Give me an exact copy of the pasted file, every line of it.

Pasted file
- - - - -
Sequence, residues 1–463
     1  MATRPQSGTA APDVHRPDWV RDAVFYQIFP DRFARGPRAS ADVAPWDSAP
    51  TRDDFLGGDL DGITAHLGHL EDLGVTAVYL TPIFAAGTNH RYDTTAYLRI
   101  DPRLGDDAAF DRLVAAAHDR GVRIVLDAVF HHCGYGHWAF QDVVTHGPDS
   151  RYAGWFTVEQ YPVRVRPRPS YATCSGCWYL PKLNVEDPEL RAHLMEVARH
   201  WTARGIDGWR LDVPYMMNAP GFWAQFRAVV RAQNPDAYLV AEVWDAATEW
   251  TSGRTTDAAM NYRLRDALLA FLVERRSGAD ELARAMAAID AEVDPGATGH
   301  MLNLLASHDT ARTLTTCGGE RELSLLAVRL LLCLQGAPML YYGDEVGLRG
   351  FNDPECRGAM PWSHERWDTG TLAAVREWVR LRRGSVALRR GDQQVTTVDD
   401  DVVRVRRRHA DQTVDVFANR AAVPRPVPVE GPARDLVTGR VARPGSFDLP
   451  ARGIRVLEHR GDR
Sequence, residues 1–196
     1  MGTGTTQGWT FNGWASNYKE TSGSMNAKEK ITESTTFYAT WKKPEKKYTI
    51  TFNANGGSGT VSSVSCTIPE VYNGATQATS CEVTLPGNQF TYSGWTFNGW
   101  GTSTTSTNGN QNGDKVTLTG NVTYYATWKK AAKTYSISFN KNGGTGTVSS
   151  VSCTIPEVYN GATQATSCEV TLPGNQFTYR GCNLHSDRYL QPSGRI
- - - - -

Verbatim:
Sequence, residues 1–463
     1  MATRPQSGTA APDVHRPDWV RDAVFYQIFP DRFARGPRAS ADVAPWDSAP
    51  TRDDFLGGDL DGITAHLGHL EDLGVTAVYL TPIFAAGTNH RYDTTAYLRI
   101  DPRLGDDAAF DRLVAAAHDR GVRIVLDAVF HHCGYGHWAF QDVVTHGPDS
   151  RYAGWFTVEQ YPVRVRPRPS YATCSGCWYL PKLNVEDPEL RAHLMEVARH
   201  WTARGIDGWR LDVPYMMNAP GFWAQFRAVV RAQNPDAYLV AEVWDAATEW
   251  TSGRTTDAAM NYRLRDALLA FLVERRSGAD ELARAMAAID AEVDPGATGH
   301  MLNLLASHDT ARTLTTCGGE RELSLLAVRL LLCLQGAPML YYGDEVGLRG
   351  FNDPECRGAM PWSHERWDTG TLAAVREWVR LRRGSVALRR GDQQVTTVDD
   401  DVVRVRRRHA DQTVDVFANR AAVPRPVPVE GPARDLVTGR VARPGSFDLP
   451  ARGIRVLEHR GDR
Sequence, residues 1–196
     1  MGTGTTQGWT FNGWASNYKE TSGSMNAKEK ITESTTFYAT WKKPEKKYTI
    51  TFNANGGSGT VSSVSCTIPE VYNGATQATS CEVTLPGNQF TYSGWTFNGW
   101  GTSTTSTNGN QNGDKVTLTG NVTYYATWKK AAKTYSISFN KNGGTGTVSS
   151  VSCTIPEVYN GATQATSCEV TLPGNQFTYR GCNLHSDRYL QPSGRI